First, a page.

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ERIC Number: EJ863701
Record Type: Journal
Publication Date: 2009
Pages: 18
Abstractor: ERIC
Reference Count: 64
ISSN: ISSN-1535-0584
Military Drill in the Service of American Hegemony over Hawaii
Beyer, C. Kalani
American Educational History Journal, v36 n2 p395-412 2009
Recently, there has been an interest in investigating who have historically served in the American military, particularly during periods of war. These studies report that men from lower socio-economic groups tend to be over represented in military service, especially after voluntary service replaced the draft during the 1970s. Much work remains to be done to determine who the groups were and explain why some groups served more than others. This study focuses on one group (Native Hawaiians and Asians from Hawaii) who have, since World War I, had high levels of military service and explores how this non-white group was historically prepared to become warriors in the American military. This study links the over-representation of military drill in the form of mandatory Reserved Officers Training Corps (ROTC) in the high schools on the island of Oahu to the extension of an American hegemony. This article seeks to demonstrate that from 1888 to the end of World War II after two periods of spreading an American hegemony, the descendents of the earlier dominant class utilized military drill in the form of ROTC to protect and extend the hegemony that was achieved during most of the nineteenth century. It is the contention of this article that hegemony was expanded by imposing ROTC on two groups of high school students on the island of Oahu. On the one hand, it was used to ensure the patriotism to the United States of the largely non-white public high school student population. On the other hand, in order to ensure continual dominance by their class, it was used to prepare white private high school students to become leaders. By the time the mandatory rule of participation was dropped in the 1960s, the use of ROTC to service hegemony was altered by a new dominant class from its earlier goals to ensuring the continual support of the military in Hawaii by all citizens. This article is primarily concerned with the third period of hegemony, which occurred after Hawaii was organized as a Territory of the United States. After annexation, due to the needs of the plantation economy, Hawaii became a land mainly populated by immigrants from Asia. Hawaiians had protested overthrowing their monarch but due to the continual decline of the Native population, their opposition to the dominant faction was minimal during the twentieth century. Based upon the success in Americanizing Native Hawaiians during the late nineteenth century, the task at hand was to replicate the process with Asian immigrants during the twentieth century.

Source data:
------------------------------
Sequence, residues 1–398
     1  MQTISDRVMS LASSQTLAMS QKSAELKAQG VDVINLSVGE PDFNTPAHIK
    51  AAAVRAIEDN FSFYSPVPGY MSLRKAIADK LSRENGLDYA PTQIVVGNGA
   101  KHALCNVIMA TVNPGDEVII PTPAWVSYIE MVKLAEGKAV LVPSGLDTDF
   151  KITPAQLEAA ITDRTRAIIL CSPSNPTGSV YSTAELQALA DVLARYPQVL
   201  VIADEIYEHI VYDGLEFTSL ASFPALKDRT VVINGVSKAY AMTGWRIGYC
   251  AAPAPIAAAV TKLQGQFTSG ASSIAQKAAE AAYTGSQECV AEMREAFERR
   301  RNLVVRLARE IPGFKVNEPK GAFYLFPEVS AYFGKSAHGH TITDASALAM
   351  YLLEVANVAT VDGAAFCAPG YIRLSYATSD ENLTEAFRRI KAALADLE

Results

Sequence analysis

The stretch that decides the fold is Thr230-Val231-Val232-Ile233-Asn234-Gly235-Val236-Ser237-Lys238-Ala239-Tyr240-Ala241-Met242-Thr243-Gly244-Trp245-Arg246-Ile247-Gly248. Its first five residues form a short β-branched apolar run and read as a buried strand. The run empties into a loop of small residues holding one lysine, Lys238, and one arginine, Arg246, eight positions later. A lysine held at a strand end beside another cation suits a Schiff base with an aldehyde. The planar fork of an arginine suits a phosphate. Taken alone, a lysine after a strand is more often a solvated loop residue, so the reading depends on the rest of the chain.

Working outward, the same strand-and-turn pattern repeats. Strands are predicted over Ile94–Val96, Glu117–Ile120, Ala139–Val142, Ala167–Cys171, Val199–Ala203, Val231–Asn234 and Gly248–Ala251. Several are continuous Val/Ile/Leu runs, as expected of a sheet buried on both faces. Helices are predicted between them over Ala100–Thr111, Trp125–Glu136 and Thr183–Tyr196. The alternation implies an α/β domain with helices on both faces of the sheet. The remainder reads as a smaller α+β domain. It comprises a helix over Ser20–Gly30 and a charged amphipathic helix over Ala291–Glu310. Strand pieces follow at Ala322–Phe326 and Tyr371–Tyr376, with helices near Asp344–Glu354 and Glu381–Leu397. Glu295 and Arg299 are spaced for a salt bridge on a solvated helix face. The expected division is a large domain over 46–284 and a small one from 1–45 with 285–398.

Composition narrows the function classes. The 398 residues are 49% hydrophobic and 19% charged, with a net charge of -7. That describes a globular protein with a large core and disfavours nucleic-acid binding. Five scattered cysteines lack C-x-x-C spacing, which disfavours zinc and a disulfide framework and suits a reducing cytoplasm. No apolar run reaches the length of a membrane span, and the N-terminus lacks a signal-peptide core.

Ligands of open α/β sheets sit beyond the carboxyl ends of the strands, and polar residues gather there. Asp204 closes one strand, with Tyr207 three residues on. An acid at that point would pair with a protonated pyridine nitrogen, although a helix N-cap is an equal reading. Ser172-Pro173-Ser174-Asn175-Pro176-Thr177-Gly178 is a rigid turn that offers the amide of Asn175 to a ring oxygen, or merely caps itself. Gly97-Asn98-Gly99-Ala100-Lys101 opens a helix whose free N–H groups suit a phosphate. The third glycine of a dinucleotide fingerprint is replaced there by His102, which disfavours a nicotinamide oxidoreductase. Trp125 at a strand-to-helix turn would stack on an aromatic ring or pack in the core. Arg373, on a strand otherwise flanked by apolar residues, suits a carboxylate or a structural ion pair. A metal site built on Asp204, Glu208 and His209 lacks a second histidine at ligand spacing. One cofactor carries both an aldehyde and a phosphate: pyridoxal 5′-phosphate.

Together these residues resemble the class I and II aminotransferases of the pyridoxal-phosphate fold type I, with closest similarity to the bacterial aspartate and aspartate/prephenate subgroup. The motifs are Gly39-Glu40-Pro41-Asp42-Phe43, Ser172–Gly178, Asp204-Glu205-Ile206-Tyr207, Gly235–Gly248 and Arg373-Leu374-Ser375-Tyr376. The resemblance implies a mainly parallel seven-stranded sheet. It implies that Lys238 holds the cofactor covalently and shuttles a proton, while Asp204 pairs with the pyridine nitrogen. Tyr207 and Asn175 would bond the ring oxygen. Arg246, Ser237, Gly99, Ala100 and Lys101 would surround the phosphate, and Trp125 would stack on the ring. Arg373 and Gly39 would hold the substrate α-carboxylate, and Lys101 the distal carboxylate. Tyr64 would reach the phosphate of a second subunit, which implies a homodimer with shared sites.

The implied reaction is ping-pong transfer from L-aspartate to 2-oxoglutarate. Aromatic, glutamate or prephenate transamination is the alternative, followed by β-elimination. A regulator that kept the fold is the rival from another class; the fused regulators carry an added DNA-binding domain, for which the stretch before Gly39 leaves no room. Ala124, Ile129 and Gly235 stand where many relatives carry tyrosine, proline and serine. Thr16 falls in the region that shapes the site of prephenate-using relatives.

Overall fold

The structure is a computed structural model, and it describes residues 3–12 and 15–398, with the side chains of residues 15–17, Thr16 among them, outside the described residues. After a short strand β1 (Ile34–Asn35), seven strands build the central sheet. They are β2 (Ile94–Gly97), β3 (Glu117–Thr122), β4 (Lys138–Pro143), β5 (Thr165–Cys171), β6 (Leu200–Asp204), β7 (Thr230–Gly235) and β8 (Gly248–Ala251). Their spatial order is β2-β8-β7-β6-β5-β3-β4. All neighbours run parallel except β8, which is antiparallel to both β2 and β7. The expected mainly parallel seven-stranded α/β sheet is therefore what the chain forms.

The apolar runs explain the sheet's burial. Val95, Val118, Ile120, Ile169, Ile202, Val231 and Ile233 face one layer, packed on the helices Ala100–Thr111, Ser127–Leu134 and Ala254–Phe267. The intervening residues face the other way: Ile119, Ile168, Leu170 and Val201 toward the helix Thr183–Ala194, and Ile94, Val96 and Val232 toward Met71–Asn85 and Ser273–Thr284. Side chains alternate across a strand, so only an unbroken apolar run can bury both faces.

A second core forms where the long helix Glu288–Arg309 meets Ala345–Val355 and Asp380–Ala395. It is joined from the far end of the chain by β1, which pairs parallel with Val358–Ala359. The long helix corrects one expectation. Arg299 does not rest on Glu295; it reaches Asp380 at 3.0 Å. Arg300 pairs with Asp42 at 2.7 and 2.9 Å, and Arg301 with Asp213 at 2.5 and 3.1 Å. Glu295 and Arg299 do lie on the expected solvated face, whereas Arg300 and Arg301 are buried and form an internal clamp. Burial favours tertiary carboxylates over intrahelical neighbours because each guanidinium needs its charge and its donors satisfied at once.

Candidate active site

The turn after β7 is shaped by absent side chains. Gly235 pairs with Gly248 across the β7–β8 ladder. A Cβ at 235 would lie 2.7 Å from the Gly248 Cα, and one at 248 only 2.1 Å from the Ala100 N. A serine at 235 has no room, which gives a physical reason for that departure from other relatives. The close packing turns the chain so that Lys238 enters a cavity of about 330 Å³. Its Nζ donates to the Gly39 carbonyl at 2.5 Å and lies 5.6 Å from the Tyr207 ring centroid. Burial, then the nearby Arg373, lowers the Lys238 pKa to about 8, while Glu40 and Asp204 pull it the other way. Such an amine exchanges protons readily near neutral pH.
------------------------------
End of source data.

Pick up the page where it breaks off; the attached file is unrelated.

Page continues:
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Publication Type: Journal Articles; Reports - Descriptive
Education Level: N/A
Audience: N/A
Language: English
Sponsor: N/A
Authoring Institution: N/A
Identifiers - Location: Hawaii; United States